It is interesting to relate this study with previous work by Westermann and Ritterbush based on the idea that ammonoids face tradeoffs between different tasks, which determine their morphologies [4244]. Westermann proposed a morphospace which, instead of working in DWS space, works in a 2dimensional projection which consists of ratios of related measurements. Westermann morphospace has many advantages. As a method to reduce 3dimensional data into 2dimensional one, it helps visualize data in order to achieve better understanding of the geometry. It is also useful in understanding the different niches that ammonoids occupy and infer the various tasks they face [43,44].
Westermann's 2dimensional representation also has drawbacks. As a dimensionality reduction method, it loses information about the data. Ammonoid shells with very different geometries can be mapped to the same point in Westermann morphospace. Moreover, because the Westemann map is nonlinear, there are regions in morphospace that map to the triangle with relatively large errors. For example, a small region around the point of minimal values of D, S and W (which is close to the pyramid archetype 2, which we relate to low drag) can mapped to the entire Westermann triangle (linked to what seen in Figure 7) depending on slight variation in the values.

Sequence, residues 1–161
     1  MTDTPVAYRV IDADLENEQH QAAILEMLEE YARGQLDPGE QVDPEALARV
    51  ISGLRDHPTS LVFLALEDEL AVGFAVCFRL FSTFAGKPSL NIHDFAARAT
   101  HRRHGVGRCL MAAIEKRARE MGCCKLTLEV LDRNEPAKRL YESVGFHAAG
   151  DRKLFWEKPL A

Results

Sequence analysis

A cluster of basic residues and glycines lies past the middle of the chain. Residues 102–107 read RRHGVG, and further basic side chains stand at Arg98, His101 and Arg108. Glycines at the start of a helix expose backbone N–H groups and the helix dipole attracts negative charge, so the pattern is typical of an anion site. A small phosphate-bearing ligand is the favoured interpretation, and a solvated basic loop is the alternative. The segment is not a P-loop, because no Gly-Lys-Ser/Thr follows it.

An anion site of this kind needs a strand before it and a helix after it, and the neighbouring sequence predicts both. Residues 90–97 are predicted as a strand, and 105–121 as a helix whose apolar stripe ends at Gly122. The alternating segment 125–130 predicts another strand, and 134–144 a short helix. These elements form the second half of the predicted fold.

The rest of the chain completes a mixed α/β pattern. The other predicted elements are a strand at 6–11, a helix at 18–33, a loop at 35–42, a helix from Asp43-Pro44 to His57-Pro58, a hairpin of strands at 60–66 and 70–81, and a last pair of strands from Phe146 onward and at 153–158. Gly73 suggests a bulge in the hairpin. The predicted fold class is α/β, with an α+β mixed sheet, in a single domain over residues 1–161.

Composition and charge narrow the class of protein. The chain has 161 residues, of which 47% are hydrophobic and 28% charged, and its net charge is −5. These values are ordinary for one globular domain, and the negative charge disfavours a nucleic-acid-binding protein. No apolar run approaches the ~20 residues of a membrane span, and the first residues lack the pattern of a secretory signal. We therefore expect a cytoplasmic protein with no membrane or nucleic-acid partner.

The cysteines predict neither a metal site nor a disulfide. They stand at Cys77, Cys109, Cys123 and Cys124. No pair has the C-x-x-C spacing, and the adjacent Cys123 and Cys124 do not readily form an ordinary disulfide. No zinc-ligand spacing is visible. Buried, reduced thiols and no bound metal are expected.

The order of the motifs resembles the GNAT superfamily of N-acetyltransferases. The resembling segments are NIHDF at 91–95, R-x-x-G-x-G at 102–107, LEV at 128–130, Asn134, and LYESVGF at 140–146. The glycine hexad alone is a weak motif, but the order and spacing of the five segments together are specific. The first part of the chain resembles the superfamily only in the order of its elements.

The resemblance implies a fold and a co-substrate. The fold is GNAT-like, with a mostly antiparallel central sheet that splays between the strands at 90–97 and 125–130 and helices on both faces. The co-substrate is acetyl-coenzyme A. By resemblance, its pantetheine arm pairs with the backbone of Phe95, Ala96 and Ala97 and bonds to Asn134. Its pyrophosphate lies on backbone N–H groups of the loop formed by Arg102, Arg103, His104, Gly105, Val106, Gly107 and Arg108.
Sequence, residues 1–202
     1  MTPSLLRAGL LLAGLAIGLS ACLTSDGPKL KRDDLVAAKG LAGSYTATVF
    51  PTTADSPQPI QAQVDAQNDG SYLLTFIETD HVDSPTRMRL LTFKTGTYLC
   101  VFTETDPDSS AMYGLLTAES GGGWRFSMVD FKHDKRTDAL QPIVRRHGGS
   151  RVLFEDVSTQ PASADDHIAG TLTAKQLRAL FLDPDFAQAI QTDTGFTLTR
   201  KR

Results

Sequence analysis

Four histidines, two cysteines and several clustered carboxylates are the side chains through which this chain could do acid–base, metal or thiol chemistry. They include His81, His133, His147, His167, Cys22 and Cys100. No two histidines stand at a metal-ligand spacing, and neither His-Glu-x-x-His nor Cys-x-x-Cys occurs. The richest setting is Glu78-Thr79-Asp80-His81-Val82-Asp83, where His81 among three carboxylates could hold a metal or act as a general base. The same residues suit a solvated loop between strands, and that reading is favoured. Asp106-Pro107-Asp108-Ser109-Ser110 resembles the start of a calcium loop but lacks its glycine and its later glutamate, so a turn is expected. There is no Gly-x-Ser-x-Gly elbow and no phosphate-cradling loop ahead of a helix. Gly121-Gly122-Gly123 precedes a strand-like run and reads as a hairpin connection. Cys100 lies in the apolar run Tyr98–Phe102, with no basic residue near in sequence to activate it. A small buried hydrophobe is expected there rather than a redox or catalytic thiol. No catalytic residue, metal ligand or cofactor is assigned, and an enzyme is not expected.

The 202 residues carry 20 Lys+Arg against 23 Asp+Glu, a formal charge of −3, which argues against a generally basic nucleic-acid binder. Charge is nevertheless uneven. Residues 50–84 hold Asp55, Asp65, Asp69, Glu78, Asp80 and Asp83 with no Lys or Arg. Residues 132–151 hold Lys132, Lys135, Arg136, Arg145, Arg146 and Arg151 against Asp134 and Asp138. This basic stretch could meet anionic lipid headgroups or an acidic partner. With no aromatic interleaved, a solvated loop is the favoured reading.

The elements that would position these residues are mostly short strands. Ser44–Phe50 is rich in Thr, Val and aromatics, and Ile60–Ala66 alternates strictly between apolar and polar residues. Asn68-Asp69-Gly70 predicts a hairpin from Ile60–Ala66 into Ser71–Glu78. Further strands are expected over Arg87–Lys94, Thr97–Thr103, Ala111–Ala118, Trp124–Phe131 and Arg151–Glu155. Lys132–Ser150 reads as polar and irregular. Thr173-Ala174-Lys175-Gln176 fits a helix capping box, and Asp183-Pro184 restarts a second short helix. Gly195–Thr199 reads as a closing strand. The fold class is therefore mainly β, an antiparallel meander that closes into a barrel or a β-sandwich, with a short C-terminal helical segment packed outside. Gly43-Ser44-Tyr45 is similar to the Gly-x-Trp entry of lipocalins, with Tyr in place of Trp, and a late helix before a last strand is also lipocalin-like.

The present approach does not show these drawbacks because it works directly in WDS morphospace. It thus distinguishes between morphologies which are mapped to the same Westermann point. The square pyramid identified here suggests two new tasks (or end members) in addition to Westermanns three. These are archetypes 2 and 4 which correspond to hydrodynamic drag and compact shell economy. We also propose a different interpretation of the other three tasks. For example the Westermann oxycone endmember, which is linked to nektonic lifestyle, corresponds to our archetype 3 (which relates to rapid growth). Furthermore, the same oxyconic endmember relates to certain morphologies near our archetype 2 (which relates to low drag, similar to the task suggested for this endmember in Westermann morphospace).